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  • 1990-1994  (1)
  • 1
    ISSN: 1436-5065
    Source: Springer Online Journal Archives 1860-2000
    Topics: Geography , Physics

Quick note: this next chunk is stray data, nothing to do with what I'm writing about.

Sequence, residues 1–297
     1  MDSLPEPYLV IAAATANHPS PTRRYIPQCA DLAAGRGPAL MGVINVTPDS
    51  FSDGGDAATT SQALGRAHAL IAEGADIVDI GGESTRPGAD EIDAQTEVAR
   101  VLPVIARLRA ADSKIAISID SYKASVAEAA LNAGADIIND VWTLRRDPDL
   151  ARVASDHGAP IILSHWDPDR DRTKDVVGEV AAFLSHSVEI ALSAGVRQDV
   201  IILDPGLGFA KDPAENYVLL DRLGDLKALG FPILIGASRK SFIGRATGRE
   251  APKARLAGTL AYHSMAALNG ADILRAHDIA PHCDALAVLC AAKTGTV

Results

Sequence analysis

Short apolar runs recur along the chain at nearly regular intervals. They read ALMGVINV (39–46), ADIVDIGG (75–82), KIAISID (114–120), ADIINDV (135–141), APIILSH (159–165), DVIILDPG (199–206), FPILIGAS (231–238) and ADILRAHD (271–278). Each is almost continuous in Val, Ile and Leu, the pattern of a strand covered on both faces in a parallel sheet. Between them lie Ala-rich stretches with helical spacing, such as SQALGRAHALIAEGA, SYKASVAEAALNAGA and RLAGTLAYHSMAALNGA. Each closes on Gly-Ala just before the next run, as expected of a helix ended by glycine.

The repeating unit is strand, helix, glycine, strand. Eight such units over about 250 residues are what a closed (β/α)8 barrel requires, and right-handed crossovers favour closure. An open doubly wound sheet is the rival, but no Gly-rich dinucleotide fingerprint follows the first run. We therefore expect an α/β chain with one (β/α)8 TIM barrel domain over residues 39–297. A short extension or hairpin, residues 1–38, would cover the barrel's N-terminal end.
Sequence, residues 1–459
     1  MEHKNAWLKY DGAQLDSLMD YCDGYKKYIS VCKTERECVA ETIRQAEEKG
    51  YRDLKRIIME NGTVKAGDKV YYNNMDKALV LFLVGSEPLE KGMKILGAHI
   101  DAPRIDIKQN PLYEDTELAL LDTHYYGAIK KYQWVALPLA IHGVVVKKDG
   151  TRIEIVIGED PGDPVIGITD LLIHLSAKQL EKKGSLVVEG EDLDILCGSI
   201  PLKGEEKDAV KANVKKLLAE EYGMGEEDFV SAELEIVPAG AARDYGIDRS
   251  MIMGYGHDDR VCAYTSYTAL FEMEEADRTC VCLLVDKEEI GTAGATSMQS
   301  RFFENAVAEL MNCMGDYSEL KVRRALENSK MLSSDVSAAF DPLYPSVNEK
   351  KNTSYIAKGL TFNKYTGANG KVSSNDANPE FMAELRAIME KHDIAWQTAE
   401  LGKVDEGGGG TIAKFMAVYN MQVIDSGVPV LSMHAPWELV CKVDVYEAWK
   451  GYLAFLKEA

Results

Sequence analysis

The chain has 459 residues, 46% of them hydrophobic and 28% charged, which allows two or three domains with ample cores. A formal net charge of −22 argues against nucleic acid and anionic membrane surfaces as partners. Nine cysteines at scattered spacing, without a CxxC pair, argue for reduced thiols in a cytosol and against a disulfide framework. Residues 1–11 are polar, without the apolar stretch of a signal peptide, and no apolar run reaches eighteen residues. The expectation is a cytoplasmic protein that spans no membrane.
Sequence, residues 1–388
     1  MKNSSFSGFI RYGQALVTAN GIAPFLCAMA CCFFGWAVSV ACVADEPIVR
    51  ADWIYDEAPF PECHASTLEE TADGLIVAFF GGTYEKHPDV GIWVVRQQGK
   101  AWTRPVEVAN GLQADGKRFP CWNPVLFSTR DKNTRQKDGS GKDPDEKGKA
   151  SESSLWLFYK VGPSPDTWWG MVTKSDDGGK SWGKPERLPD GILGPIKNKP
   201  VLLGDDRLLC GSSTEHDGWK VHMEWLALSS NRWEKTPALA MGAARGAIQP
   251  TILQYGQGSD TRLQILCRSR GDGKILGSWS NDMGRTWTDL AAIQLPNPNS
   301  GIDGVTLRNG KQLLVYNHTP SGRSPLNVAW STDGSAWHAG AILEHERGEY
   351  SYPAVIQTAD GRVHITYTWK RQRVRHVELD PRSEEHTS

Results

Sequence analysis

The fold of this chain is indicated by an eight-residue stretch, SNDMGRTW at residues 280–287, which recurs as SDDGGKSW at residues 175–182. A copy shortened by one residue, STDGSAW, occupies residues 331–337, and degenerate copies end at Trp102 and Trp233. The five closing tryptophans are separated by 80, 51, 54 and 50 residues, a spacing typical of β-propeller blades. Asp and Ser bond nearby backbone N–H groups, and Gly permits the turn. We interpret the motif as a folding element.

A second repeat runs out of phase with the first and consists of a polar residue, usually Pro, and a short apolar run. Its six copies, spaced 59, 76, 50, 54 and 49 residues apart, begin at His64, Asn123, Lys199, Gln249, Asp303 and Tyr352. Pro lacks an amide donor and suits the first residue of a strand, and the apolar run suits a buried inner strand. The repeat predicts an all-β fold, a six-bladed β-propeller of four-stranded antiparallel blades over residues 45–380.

Notes: Summary This paper is concerned with the simulation of deep convection for the CCOPE 19 July 1981 case study. Clark's three-dimensional (3D) cloud model modified to use the bulk water parameterization scheme of Lin et al. has been used in the simulation of the CCOPE 19 July 1981 case in coarse mesh, fine mesh, and interactive grid nested schemes, respectively. Comparisons with observations show this 3D grid nested cloud model is capable of both capturing both the dynamic and microphysical properties of the cloud. In the nested grid fine mesh model simulation, the timing and mode of cloud growth, the diameter of liquid cloud, the cloud top rate of rise, the maximum cloud water content, and the altitude of first radar echo are consistent with observations. The simulated thunderstorm begins to dissipate, after precipitation reaches the ground as indicated by the decreasing values of maximum updraft and maximum liquid cloud water content, and ends as a precipitating anvil as was observed in the actual thunderstorm. The model precipitation developed through ice phase processes consistent with the analysis of observations from the actual thunderstorm. Qualitative comparisons of the actual radar RHIs with simulated reflectively patterns from the 3D model show remarkable similarity, especially after the mature stage is reached. Features of the actual RHI patterns, such as the weak echo region, upshear anvil bulge, strong upwind reflectivity gradients, and the upwind outflow region near the surface are reproduced in the simulation. Comparison of the actual radar PPIs with horizontal cross sections of radar reflectivity simulated by the 3D model, however, show modest differences in the storm size with the 3D simulated thunderstorm being 1–2 km longer in the west-east direction than the actual thunderstorm. The model-predicted maximum updraft speed is smaller than the 2D model-predicted maximum updraft speed, but still greater than what was observed. Comparisons among the nested grid fine mesh model (MB), nested grid coarse mesh model (MA), fine mesh model (FM), coarse mesh model (CM), and 2D model results previously published show that the nested grid fine mesh model (MB) gives the best simulation result. The various 3D model simulation results are generally similar to each other except for the difference in the domain maximum values. The domain maximum values in the fine mesh models (MB and FM) are generally higher than the coarse mesh models as a result of averaging over a smaller area.
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